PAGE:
Placer Buddhist Church

3192 Boyington RoadPenryn, CA. 95663(916) 652-6139
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Celebrate the New Year

Chicken Teriyaki & Chow Mein

Order form can be found here or on the Forms page

Deadline to order: Tuesday, December 7

A Dharma Message by Rev. Matthew Hamasaki

December 2021

It’s difficult to believe that it’s the end of 2021 as it seems like the past two years have just flown by. It’s almost as if we’re standing on the platform of a train station and an express train has just shot past in a blink of an eye and when the train is gone, we’re two years older. While that may be a bit saddening, it is nice to know that it means Christmas is around the corner. And with it, we have our traditions of decorating, shopping, and eating Christmas foods! One food that I thought was a tradition but I, myself, have never tried is Christmas goose. I had always heard the term in different sorts of media, fiction, movies, songs, et cetera; however, I don’t think I’ve ever had the opportunity to try it myself.

After looking into it, having goose in the winter was a tradition that goes back to the ancient Greeks. They were domesticated because of their size, as well as their temperament (if you ever see geese out and about, leave them alone, they can be quite territorial). They are so territorial that there is a Roman legend that a flock of geese saved the city from attack by alerting the Roman guards of the enemy troops attempting to sneak in. What is fact, though, is that geese are the plumpest around wintertime and so they were the perfect poultry for winter festivals, such a feast day known as Michaelmas, celebrating the harvest and the changing of seasons. So where did this tradition go?

Some say the beloved “A Christmas Carol” is to blame. Near the end of “A Christmas Carol” (sorry, and they are all delighted and stuffed after almost finishing it; however, the next day Scrooge, follow spoilers), the Cratchit family has a roast goose for dinner as was tradition in the United Kingdom during the time. The family greatly admires the meal, following his dramatic change from miser to charitable person, buys them a turkey. At that point in time, turkey was an exotic bird in the UK as it was native to the New Land and having it was a sign of wealth and much more expensive than the more available goose. Thus, as an extravagant present indicative of his Christmas spirit, Scrooge purchases the fanciest bird possible to give to the Cratchit’s.

While this book changed the public’s view on what Christmas meant, it also changed their attitudes toward certain poultry. Specifically, that goose was associated with poor people and turkey was associated with the wealthy. And so, turkey became much more fashionable to have at the dinner table during Christmas. In America, turkey was already abundant, so it naturally became the bird of choice during the holiday season and continued to this day. This, on top of a 1940s turkey breeding boom and the rise of refrigerators after WWII, solidified turkey’s position as the top bird.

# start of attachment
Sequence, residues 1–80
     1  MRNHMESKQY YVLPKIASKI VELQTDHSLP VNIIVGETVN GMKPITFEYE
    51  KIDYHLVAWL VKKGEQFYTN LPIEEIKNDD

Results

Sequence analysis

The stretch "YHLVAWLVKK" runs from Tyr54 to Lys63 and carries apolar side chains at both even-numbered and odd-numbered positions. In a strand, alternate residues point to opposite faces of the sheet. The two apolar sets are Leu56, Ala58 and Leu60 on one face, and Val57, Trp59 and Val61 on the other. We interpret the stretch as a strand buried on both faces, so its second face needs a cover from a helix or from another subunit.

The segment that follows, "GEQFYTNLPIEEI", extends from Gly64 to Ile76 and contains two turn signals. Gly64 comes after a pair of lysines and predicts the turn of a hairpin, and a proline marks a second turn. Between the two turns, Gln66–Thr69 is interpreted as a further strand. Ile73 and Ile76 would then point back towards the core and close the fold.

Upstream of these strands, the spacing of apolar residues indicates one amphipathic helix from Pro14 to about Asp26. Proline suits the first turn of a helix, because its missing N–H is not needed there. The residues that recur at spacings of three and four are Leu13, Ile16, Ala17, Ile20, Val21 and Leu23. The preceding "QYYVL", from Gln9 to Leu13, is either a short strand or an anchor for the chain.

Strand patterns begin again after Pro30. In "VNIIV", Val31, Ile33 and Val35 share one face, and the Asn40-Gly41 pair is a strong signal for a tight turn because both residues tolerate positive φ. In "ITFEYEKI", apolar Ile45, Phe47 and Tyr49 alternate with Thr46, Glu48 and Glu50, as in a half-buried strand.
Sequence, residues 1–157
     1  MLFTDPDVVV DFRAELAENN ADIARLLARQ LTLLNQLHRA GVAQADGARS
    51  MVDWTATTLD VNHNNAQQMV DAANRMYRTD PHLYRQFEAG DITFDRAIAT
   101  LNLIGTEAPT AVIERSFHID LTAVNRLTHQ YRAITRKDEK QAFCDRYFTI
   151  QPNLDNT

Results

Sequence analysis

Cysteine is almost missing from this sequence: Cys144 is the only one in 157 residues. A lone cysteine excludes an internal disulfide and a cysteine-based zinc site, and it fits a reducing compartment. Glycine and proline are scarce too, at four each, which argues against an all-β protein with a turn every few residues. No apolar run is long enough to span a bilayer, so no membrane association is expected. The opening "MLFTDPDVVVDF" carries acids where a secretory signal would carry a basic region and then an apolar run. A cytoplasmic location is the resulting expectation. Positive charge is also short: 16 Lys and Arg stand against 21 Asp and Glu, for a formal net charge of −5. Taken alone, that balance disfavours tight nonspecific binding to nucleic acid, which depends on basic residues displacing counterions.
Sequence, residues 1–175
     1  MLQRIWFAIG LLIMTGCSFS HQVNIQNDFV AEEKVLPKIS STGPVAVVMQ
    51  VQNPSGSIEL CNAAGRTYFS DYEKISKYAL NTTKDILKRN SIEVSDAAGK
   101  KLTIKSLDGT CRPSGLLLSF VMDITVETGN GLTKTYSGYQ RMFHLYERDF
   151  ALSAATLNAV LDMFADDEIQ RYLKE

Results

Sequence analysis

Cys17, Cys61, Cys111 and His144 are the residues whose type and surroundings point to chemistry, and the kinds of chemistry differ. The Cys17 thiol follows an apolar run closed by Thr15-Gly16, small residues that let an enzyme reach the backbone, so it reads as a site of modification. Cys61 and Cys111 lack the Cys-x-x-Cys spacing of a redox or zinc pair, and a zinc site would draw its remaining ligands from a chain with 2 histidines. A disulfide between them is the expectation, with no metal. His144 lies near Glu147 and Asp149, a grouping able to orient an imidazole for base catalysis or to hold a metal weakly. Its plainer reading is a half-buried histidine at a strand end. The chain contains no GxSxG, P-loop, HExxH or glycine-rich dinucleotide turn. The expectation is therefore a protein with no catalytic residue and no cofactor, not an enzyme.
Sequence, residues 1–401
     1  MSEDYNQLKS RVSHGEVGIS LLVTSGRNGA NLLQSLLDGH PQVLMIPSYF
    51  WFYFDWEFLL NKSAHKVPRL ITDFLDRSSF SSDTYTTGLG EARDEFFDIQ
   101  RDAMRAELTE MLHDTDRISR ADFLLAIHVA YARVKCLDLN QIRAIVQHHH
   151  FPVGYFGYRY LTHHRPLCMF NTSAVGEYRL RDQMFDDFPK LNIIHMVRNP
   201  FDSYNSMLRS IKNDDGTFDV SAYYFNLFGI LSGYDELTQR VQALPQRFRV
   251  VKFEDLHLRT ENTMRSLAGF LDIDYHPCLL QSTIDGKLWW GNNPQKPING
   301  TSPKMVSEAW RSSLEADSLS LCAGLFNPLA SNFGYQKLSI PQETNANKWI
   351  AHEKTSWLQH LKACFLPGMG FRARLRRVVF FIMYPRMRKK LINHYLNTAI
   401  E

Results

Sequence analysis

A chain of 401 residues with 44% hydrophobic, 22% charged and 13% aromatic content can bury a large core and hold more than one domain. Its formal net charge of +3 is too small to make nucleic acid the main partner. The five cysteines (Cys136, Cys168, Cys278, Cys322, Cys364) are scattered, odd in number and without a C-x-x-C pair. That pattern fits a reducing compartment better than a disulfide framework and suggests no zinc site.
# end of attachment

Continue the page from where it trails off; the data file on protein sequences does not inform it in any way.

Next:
There might not be a better example of how our minds are influenced by the labels we attach to things for almost arbitrary reasons. The fact that a tradition thousands of years old could be altered because of a fictional family shows the power of the distinctions we decide to attribute. When we see something and then make a judgment based on whether we agree or like it or not, it may seem like a little thing, but it could alter our lives, up to changing the very world we live in. As such, we must be vigilant in our awareness of the labels and judgments we attribute to the things and people around us. Do we like it because it’s rare? Because someone else who we like likes it? What makes something valuable or not? There are the questions we must pose to ourselves to recognize whether our craving or dislike for something is warranted or a figment of our imagination. By breaking down these assumptions, we can reach the truth of what is most valuable to us in life. Personally, I think one of the most undeniably valuable things is being able to be together for Christmas (however you can do it) and sharing a meal, whether it’s turkey, goose, or your own holiday tradition!

In Gassho,

Rev. Matt

The Placer Buddhist Church is located at 3192 Boyington Road in Penryn California, County of Placer. It is located at the scenic base of the foothills of the Sierra Nevada Mountains just off Interstate 80. It is approximately half way between San Francisco and Reno, Nevada.

The Church was founded in 1902 in the small foothills town of Penryn. The original church was near the center of town approximately 3 miles from its current location. The church moved to its current location in approximately 1963. The church is well known in the community for the annual food bazaar which is always held on the 4th weekend of September. The annual food bazaar started in 1964, just after the church moved to the new location.

The church supports many organizations such as the Placer Buddhist Women’s Association (PBWA), Young Buddhist Association (YBA), Sierra Bonsai Club, Dharma School, and Placer Ume Taiko Groups. The church also holds various classes during the week including calligraphy, flower arranging, Tai Chi, Obon dancing and exercise classes. See the church calendar for class times.